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Tron and Delver

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This previous weekend and the weekend before that, I had the pleasure of playing two very different formats with two completely different decks.

In Grand Prix: Columbus, I chose to play U/R Tron yet again. I played the following list:

Torpor Orb
After this Grand Prix, I figured out a few things that I’d had wrong with this decklist.

First of all, the matchup against B/R burn is bad. Like twenty-percent-match-win bad, and nothing in the sideboard really addresses it. Second, Torpor Orb isn’t really the best way to fight Melira/Kiki Naya Pod decks.

However, I still managed to post a 10–5 record (outside of the money), and I still think it’s a reasonable choice.

Good matchups are Melira Pod, Naya Pod, R/G Tron, W/U Tron, and Affinity.

Even matchups are R/W/U Delver, R/U/G Delver (Tarmogoyf is a nuisance, but the rest of your cards line up very well), W/B tokens (almost a function of how much hand disruption the deck has), Jund (same as W/B tokens except Bob is a nuisance, too).

Bad matchups are Twin (you have to play very tightly to even have a chance of winning, and if the opponent is overloaded on Exarchs and Pestermites, you can’t win easily), and Storm.

Matchups in which you pray: burn decks.

I spent a few days after the Grand Prix contemplating my losses (I lost one match to four-color Allies, one to Naya Pod, two to Burn, and one to Jund), and I realized that the sideboard needed some work in order to compensate. In particular, with the downswing of Storm as a popular real-life deck, I think it is more than reasonable to shave some number of Relic of Progenitus from the board.

Chalice of the Void
Updated sideboard:

2 Relic of Progenitus

2 Grafdigger's Cage

1 Wurmcoil Engine

3 Negate

3 Ancient Grudge

4 Chalice of the Void

Chalice of the Void is a useful card that does a lot of heavy lifting (especially against burn decks and Storm). Landing a Chalice on 1 against either of these decks will buy you a lot of time to put the game away.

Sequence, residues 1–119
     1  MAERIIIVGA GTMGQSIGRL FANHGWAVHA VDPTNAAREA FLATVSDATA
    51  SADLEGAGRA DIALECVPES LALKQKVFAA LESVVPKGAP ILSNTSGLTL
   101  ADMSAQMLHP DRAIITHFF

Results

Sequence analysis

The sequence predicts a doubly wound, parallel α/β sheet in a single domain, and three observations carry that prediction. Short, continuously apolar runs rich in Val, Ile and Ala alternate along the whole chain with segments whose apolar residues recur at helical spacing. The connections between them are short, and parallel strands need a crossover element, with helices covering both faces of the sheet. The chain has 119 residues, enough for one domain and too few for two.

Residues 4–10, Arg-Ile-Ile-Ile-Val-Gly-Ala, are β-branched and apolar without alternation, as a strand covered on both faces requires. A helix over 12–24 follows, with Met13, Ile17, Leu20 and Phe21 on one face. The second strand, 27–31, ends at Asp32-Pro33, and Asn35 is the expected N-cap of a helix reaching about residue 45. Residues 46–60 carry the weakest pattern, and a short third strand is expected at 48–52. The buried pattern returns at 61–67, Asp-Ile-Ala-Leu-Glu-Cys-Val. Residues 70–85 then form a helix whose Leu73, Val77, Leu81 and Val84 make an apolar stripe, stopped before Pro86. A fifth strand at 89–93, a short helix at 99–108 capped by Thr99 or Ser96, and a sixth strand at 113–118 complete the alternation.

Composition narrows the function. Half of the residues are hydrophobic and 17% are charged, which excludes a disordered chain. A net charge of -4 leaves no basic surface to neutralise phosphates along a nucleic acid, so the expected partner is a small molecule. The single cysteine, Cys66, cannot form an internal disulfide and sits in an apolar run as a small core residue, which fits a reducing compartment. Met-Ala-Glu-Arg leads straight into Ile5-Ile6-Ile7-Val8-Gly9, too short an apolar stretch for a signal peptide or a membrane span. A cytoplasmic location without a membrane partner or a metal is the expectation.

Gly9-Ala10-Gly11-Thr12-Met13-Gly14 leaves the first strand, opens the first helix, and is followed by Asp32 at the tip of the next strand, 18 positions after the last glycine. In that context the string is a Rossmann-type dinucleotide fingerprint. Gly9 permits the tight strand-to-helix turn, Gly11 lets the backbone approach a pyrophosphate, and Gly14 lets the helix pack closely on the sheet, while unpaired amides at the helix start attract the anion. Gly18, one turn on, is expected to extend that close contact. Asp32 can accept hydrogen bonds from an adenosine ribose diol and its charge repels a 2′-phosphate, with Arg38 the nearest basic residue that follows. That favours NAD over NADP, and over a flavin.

Torpor Orb is not the best way to combat Melira Pod and Naya Pod. Instead, I think Grafdigger's Cage is the best weapon to shut off Chord of Calling and Birthing Pod alike; it also has applications against Storm and Goryo's Vengeance reanimator variants.

The other cards still have great utility (a total of three Relic of Progenitus and two Wurmcoil Engine in the seventy-five). Negate gives you access to a hard counter against R/G Tron and has other applications (against Storm, burn, Twin, and even Naya/Melira Pod). Ancient Grudge has a fair number of uses, too, the most obvious being to kill two of Affinity’s permanents.

For any upcoming Modern events, I still think U/R Tron is a strong and unexpected choice. Most of the people do not know how the matchup plays out from their side, and you have reasonable matchups against the most popular decks (besides burn). It also has the economic advantage of being a slightly cheaper deck to build—not many chase rares in Modern are used in the deck.

This previous weekend, I played in a Pro Tour Qualifier for Seattle (Return to Ravnica), and I managed to win with the following deck:

Delver is still one of the most flexible and powerful decks in the current Standard format, though I would not fault you for choosing Naya aggro, Naya Pod, or R/G aggro.

Some choices that differ from my old list:

Dismember
No Dismember. When exactly do I really want to cast this card? Paying 4 life to kill a guy is a lot, especially in a deck like this one that lives or dies by a few life points very often.

Three Gut Shot. Killing mana guys is more important than ever with the rise of Craterhoof Behemoth decks as well as Naya- and Bant-style value decks that need the mana acceleration to get ahead.